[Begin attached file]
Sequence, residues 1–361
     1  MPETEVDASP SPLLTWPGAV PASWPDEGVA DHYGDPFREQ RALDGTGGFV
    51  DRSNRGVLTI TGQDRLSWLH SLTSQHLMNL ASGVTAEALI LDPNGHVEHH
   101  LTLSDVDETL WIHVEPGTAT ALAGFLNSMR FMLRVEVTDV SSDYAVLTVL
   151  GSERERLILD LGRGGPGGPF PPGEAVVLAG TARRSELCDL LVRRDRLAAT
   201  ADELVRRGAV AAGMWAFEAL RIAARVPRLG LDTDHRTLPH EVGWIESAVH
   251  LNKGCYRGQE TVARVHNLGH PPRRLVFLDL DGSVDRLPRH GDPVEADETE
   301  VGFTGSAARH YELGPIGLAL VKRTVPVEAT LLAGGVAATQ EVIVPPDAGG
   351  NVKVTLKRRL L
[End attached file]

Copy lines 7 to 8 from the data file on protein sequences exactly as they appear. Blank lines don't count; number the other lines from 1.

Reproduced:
   251  LNKGCYRGQE TVARVHNLGH PPRRLVFLDL DGSVDRLPRH GDPVEADETE
   301  VGFTGSAARH YELGPIGLAL VKRTVPVEAT LLAGGVAATQ EVIVPPDAGG